Scientific American blogger and academic psychologist Clay Routledge writes that "To Feel Meaningful Is to Feel Immortal".
My comment: It's nice to know that empirical research confirms what religion and philosophy have been saying for a couple of millennia.
But is this "feeling" of immortality rationally justifiable or is it merely a useful illusion? When Dr Routledge describes us as "meaning-making animals," he seems to encourage the latter view: that there is no meaning apart from what we "make."
I find it difficult to imagine being satisfied by a "meaning" that I am conscious of having "made" myself.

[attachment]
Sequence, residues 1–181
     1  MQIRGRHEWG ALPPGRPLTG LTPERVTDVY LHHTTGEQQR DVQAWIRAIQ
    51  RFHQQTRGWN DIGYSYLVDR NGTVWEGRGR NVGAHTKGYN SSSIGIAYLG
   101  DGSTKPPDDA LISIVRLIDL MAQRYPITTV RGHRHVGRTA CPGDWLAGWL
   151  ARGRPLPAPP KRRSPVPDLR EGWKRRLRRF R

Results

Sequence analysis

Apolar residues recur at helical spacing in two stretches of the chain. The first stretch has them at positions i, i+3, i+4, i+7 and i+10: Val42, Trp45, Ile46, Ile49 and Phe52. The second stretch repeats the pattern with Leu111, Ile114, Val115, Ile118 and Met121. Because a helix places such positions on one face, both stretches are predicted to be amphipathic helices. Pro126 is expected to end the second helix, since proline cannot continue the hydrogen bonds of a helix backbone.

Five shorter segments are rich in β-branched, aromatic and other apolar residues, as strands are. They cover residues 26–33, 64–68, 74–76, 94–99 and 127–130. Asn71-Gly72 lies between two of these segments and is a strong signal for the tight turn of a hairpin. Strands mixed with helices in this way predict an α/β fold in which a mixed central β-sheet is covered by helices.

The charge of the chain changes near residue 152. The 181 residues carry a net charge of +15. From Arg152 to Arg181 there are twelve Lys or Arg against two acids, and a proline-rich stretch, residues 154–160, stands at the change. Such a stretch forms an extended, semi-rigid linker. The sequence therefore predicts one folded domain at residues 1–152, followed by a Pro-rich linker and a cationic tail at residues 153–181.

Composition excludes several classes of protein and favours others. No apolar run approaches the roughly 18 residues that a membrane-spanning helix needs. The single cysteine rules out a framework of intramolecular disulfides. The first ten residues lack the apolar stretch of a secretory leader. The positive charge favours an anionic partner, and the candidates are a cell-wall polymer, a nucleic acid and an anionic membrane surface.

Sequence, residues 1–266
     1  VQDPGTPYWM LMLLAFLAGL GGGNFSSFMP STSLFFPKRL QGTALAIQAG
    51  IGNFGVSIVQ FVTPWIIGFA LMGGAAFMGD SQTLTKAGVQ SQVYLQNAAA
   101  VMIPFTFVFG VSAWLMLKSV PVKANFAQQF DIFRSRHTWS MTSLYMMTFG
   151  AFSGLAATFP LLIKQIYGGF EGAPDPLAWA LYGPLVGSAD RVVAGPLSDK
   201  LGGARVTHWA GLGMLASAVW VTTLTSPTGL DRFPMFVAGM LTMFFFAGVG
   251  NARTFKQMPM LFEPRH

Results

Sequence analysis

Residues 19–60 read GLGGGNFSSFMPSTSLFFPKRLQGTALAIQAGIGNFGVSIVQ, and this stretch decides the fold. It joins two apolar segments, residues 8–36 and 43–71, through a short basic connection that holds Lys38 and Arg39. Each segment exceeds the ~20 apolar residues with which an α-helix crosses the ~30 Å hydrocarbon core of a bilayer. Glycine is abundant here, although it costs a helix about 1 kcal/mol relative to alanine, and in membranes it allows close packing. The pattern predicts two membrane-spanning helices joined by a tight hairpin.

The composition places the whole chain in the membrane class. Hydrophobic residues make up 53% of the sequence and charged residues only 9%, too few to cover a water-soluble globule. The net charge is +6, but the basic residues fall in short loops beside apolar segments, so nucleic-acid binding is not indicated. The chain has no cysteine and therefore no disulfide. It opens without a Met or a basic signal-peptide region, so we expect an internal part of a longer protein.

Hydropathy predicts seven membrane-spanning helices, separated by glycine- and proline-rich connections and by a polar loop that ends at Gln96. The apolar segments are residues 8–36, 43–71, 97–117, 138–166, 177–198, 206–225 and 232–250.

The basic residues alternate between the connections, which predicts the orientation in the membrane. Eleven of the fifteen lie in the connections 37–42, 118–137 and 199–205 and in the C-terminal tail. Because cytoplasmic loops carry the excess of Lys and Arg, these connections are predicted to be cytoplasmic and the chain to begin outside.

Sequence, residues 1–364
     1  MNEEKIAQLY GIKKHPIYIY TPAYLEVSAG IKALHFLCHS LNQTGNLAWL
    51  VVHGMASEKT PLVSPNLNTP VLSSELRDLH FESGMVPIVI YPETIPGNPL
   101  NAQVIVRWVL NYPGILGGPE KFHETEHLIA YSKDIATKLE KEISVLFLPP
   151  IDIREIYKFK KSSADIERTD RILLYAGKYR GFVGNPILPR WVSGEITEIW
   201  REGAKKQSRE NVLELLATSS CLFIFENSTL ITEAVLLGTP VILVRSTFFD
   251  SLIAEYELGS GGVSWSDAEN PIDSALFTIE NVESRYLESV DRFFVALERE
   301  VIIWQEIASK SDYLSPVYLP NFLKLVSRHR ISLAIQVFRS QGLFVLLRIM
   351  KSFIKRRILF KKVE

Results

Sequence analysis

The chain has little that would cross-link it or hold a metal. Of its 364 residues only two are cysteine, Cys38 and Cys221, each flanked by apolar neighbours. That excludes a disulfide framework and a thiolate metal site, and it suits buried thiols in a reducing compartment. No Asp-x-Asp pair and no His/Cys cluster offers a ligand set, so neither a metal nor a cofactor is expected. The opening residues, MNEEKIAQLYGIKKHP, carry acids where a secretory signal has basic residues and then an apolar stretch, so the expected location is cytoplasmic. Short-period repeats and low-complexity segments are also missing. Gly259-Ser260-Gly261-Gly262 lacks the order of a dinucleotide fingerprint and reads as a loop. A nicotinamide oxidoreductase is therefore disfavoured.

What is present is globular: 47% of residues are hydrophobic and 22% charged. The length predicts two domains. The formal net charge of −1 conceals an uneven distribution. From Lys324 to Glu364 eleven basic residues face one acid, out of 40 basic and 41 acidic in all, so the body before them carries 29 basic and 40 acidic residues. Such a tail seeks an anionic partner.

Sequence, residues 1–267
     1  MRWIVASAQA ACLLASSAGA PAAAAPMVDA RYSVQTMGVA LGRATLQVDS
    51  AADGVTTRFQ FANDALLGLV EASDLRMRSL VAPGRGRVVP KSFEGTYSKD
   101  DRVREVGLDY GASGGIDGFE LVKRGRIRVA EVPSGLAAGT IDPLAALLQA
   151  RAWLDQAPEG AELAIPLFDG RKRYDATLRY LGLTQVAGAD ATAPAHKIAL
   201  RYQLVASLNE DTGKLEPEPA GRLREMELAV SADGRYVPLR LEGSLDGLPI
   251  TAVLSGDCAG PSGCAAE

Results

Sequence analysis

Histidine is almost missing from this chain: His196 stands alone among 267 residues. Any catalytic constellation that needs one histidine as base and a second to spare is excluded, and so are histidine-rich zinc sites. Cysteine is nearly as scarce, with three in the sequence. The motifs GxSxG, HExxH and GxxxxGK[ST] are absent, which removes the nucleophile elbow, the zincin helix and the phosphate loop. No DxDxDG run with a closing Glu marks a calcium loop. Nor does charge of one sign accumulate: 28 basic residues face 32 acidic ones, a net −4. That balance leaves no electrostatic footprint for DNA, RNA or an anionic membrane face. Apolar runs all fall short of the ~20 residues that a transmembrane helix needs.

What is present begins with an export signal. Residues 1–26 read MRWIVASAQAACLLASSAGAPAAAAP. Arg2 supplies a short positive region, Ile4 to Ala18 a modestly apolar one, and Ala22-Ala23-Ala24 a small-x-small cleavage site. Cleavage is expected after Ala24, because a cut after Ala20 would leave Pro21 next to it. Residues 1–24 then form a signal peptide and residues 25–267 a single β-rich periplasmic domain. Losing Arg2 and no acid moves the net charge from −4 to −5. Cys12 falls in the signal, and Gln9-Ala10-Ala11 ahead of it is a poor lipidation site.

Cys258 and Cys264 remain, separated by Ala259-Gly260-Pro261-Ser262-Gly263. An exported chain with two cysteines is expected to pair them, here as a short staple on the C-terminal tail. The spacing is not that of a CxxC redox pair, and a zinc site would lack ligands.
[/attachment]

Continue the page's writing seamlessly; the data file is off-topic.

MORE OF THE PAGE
By contrast, the Platonic tradition in philosophy (and similar traditions in Asian thought) give reasons for regarding meaning as a feature of reality--a reality that the feeling of immortality, then, reflects.
To take this thought seriously, we must of course consider systematically what we mean by "reality"; and this may involve reconsidering the nature of "empirical" investigation. I look forward to the day when "empirical" psychology will have the nerve to consider these questions with an open mind.